Varney Sherman’s March to the Executive Mansion
Takes him to Liberians in the United States
Varney Sherman’s march to the Executive Mansion, which officially began on March 15, 2004, with a parade through the streets of Monrovia by thousands and thousands of Liberians and culminating in a very impressive program at the Monrovia City Hall, steadily continues. In June, 2004, Varney Sherman visited several places in the United States to talk to non-resident Liberians. Some of the places he traveled to and met with Liberians are Washington, D.C.; Silver Spring, Maryland; Minnesota, Minneapolis; Charlotte, North Carolina; and Atlanta, Georgia.
At each town hall meeting, Varney Sherman spoke about the challenges facing Liberia, his dream and vision for Liberia and what he termed the “enormous possibilities and tremendous opportunities to transform our native land”. But that was not all. Unlike any other candidate for President of Liberia, Varney Sherman boldly acknowledged that most non-resident Liberians have their hearts in Liberia and they demonstrate their love and commitment for Liberia by the huge amount of money that they send to relatives and friends. “This remittance money, aggregating in the millions each year, has not only put bread on many tables, placed a smile so many distraught faces, or provided education and health to others, it kept Liberia’s economy buoyant during very turbulent and extremely difficult years of our most recent past history.” Varney then called on non-resident Liberians to translate their love for their native land into direct participation in the political process leading to the 2005 general and presidential elections by openly canvassing for candidates, providing material and financial supports for candidates, and by demanding for the exercise of the right to vote as citizens of Liberia even though they are resident outside of Liberia. “As we move to electoral reforms, which would obviously require suspending provisions of our Constitution and setting aside certain law in order to facilitate “free and fair” elections immediately after a civil war, the reform should include the mechanism for the enjoyment of franchise by non-resident Liberians.”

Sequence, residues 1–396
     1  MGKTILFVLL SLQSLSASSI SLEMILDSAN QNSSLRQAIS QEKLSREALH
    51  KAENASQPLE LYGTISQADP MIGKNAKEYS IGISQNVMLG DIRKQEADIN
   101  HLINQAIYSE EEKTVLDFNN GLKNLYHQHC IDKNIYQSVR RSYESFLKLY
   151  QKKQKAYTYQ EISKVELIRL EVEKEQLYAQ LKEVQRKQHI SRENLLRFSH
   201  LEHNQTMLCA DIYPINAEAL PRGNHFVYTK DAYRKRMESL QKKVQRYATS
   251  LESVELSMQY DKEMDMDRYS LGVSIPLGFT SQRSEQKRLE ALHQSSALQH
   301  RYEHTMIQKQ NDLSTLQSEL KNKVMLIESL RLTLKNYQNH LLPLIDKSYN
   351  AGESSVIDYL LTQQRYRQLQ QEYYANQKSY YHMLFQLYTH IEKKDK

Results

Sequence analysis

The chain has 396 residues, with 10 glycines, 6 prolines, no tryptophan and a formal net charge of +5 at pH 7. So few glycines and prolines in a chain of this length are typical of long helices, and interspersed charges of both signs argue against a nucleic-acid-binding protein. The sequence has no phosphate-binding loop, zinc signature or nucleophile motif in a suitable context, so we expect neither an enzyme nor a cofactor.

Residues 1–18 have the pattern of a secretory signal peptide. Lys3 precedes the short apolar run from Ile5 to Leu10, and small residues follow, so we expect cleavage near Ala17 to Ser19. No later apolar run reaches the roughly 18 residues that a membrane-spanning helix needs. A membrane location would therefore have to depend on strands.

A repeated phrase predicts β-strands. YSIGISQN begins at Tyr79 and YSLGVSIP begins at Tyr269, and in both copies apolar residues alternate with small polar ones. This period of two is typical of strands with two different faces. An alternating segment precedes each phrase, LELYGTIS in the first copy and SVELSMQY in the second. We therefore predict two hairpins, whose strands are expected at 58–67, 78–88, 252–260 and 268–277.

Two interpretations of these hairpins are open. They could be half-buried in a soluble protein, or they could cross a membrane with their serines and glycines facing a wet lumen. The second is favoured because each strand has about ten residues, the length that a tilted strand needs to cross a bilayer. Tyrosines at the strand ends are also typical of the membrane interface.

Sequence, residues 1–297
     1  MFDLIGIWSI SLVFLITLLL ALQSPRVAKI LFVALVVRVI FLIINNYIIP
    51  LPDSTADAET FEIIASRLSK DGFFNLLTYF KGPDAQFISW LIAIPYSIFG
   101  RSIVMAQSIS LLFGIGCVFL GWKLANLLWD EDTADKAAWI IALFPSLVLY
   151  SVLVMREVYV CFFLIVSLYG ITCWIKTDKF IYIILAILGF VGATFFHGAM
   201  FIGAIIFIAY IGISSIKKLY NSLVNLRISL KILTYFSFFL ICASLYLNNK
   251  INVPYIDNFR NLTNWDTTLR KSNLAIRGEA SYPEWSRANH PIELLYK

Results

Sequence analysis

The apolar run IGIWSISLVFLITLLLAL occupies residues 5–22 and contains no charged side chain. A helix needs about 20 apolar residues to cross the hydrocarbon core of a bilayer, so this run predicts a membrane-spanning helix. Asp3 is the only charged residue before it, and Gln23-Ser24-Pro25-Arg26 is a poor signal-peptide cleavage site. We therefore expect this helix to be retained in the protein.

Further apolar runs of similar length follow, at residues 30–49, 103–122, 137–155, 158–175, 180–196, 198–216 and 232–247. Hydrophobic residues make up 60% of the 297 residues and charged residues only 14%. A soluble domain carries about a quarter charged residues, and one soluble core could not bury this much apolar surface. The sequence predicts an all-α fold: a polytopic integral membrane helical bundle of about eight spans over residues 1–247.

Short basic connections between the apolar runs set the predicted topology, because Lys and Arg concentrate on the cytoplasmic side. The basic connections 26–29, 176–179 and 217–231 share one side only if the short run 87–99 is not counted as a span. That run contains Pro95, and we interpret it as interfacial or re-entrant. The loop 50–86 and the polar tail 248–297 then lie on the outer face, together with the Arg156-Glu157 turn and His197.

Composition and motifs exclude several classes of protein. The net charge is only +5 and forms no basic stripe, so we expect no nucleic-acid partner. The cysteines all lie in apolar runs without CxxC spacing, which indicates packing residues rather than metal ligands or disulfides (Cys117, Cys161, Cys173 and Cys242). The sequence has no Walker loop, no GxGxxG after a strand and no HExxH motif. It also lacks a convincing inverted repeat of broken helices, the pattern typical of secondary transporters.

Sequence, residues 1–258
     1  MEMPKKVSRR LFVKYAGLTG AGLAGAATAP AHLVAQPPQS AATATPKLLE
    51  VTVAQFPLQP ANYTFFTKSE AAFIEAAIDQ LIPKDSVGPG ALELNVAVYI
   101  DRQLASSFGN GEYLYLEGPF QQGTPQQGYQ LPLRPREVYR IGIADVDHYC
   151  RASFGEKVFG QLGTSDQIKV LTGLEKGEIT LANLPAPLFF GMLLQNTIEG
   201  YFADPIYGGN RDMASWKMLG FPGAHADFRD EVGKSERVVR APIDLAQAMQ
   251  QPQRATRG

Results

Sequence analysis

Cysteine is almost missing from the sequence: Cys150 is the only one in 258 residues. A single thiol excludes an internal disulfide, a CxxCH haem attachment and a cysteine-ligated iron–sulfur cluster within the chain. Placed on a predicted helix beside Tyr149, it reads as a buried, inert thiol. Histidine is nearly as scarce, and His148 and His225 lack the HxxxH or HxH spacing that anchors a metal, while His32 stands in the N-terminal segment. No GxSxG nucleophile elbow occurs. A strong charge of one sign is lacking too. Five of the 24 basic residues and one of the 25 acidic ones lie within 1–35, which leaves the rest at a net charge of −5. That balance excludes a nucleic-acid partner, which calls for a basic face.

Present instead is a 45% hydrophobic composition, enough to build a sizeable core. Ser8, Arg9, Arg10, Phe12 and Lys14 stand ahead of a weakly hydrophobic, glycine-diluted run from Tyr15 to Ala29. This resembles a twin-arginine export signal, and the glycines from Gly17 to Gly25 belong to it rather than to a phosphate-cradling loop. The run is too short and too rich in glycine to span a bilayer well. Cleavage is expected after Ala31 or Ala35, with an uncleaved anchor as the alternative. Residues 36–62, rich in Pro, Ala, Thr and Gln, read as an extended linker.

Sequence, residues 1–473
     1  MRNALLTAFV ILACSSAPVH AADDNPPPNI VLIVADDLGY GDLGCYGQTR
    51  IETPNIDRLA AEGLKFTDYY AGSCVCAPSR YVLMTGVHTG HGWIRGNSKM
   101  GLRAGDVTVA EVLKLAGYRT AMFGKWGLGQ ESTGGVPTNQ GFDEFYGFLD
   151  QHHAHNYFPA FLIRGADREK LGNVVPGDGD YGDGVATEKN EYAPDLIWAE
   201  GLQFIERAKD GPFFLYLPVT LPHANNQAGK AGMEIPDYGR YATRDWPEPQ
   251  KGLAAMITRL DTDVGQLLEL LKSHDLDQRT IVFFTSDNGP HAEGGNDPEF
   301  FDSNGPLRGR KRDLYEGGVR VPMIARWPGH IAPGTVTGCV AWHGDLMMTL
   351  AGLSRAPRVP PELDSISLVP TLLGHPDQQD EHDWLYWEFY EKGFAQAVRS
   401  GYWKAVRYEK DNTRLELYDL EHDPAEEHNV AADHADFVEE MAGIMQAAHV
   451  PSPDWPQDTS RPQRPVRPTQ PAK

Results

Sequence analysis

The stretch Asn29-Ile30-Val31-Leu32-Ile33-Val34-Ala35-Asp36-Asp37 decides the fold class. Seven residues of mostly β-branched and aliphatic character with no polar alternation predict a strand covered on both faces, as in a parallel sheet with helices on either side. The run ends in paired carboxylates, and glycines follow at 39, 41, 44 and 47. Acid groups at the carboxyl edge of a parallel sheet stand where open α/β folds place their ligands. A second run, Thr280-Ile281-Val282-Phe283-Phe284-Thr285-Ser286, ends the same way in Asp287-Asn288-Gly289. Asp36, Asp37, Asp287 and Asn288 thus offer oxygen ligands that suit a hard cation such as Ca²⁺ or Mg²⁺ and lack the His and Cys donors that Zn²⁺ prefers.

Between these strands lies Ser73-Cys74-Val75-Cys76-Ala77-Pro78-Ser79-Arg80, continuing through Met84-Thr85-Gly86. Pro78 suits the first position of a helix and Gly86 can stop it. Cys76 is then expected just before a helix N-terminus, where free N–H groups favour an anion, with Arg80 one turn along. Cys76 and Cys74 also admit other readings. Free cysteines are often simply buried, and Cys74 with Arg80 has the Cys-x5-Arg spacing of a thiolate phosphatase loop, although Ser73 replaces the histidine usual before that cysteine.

Varney Sherman did not only stop at the issue of participation of non-resident Liberians in the 2005 general and presidential elections; he went on to advance the proposal for dual citizenship for all natural-born Liberians. “I did not choose to be born a Liberian and so no law, statutory or constitutional, should take away from me the right of Liberian citizenship only because circumstances at home forced me to live in another country and the situation in my adopted country compelled me to acquire residency or citizenship.” We need to scrap all laws which take away from a natural-born Liberian his right of citizenship and we need to adopt new laws which would allow Liberians to retain their Liberian citizenship even if they voluntarily acquire the citizenship of another country.
The issue of dual citizenship is so passionate to Varney Sherman that he just did not stop at the “rights” of the non-resident Liberian; he went on to argue that non-resident Liberians have acquired knowledge, skill, experience and wealth that Liberia is in dire need of. “One of the ways to attract non-resident Liberians to return, live and work in Liberia is to give them the comfort that in returning they will be returning home as citizens, not as foreigners in the land of their birth or the land where the navel strings of their fathers and mothers are buried.”